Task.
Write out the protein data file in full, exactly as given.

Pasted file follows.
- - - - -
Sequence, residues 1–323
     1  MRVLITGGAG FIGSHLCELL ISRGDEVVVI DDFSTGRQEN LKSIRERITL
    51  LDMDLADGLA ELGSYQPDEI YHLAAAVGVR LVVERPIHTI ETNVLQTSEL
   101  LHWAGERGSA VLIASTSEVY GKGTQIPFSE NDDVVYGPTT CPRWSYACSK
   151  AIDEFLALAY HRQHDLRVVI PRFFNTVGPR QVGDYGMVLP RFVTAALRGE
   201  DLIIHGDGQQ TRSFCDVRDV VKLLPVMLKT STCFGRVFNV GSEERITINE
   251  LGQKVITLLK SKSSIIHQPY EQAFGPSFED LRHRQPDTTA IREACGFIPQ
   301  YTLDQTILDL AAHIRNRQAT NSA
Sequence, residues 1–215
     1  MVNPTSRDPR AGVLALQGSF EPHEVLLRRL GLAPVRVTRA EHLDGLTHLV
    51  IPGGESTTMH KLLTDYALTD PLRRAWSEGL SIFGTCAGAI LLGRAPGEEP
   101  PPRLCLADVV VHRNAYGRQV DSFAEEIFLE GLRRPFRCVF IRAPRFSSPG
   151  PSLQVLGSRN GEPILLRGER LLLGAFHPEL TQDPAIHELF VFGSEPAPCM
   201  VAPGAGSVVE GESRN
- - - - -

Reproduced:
Sequence, residues 1–323
     1  MRVLITGGAG FIGSHLCELL ISRGDEVVVI DDFSTGRQEN LKSIRERITL
    51  LDMDLADGLA ELGSYQPDEI YHLAAAVGVR LVVERPIHTI ETNVLQTSEL
   101  LHWAGERGSA VLIASTSEVY GKGTQIPFSE NDDVVYGPTT CPRWSYACSK
   151  AIDEFLALAY HRQHDLRVVI PRFFNTVGPR QVGDYGMVLP RFVTAALRGE
   201  DLIIHGDGQQ TRSFCDVRDV VKLLPVMLKT STCFGRVFNV GSEERITINE
   251  LGQKVITLLK SKSSIIHQPY EQAFGPSFED LRHRQPDTTA IREACGFIPQ
   301  YTLDQTILDL AAHIRNRQAT NSA
Sequence, residues 1–215
     1  MVNPTSRDPR AGVLALQGSF EPHEVLLRRL GLAPVRVTRA EHLDGLTHLV
    51  IPGGESTTMH KLLTDYALTD PLRRAWSEGL SIFGTCAGAI LLGRAPGEEP
   101  PPRLCLADVV VHRNAYGRQV DSFAEEIFLE GLRRPFRCVF IRAPRFSSPG
   151  PSLQVLGSRN GEPILLRGER LLLGAFHPEL TQDPAIHELF VFGSEPAPCM
   201  VAPGAGSVVE GESRN